Open vs Proprietary Mobile Software: Did Apple Learn the History Lesson?
Smartphones are the new personal computers. At least in terms of popularity and market growth, they are.
Now, remember what happened in the dawn of the personal computers (there is a really good documentary on the subject, Triumph of The Nerds, available in YouTube)? To make the long story short, Apple practically invented the personal computer, sold a lot of units, became the market leader, and then IBM and Microsoft came along. When Windows 95 was released, there was not much left of Apple’s market share.
The main difference between the Mac and the PC was that the PC was open – both in terms of hardware, and software (well, it was, according to the understanding of this term at the time). Both hardware and software of the Mac were proprietary and closed.
To make it worse, Apple doesn’t license their inventions to any other manufacturer. Microsoft, on the other hand, was willingly letting anyone else to take a piece of the action – a lot of software companies made millions (if not billions) of dollars out of Windows based software, available for a variety of vendors and devices.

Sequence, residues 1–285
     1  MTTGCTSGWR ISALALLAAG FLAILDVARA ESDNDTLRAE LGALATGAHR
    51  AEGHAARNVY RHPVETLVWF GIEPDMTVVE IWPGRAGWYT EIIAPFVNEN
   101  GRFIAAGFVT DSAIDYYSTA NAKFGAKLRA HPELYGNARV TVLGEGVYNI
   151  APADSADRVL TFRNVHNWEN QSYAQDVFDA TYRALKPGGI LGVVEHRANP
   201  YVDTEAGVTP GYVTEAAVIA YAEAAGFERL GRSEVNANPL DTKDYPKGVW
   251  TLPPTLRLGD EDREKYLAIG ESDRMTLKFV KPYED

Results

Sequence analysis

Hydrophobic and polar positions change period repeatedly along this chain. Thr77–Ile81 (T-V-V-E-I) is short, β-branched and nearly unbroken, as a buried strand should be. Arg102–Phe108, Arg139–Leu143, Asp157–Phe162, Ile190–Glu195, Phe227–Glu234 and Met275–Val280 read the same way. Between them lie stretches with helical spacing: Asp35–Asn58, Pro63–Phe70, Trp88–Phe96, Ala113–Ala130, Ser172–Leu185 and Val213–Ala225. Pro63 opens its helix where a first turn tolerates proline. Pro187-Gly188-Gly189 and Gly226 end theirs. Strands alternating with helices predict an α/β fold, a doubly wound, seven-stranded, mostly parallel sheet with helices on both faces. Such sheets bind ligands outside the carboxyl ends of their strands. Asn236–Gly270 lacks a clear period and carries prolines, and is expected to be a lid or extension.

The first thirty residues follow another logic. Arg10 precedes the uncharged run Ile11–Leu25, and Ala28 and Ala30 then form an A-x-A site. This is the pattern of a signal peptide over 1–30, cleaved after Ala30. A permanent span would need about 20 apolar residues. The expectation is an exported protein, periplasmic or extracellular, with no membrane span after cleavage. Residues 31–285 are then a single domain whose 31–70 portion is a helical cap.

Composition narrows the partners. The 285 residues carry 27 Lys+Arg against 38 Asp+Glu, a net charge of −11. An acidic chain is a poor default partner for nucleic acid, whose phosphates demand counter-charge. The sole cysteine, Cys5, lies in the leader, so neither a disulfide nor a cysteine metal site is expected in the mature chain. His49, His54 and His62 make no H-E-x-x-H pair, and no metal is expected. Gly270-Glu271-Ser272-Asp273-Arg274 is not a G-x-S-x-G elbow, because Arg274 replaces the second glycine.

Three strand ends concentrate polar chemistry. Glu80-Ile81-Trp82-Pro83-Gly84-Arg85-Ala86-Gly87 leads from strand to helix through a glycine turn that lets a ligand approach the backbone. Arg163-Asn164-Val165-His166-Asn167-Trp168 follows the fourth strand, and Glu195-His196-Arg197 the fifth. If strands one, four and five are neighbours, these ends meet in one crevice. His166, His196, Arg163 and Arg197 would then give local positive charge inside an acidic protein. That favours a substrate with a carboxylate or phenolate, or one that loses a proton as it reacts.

About 30 years later, here comes the iPhone, changing the entire smartphone landscape. Selling about 50 million units in just 3 years and re-defining what a smartphone is and should look like. Again, both hardware and software are proprietary and closed. You can develop mobile applications for the iPhone, but there are quite a few things you should conform to – moderation of the apps for the App Store, to mention the big one.
And here comes Google and Android. The operating system is as open as an operating system can be – source code is freely available. A lot of vendors provide Android devices, and the mobile solution providers can easily develop and distribute (an important part of the deal) software for all Android devices. Doesn’t this ring a bell?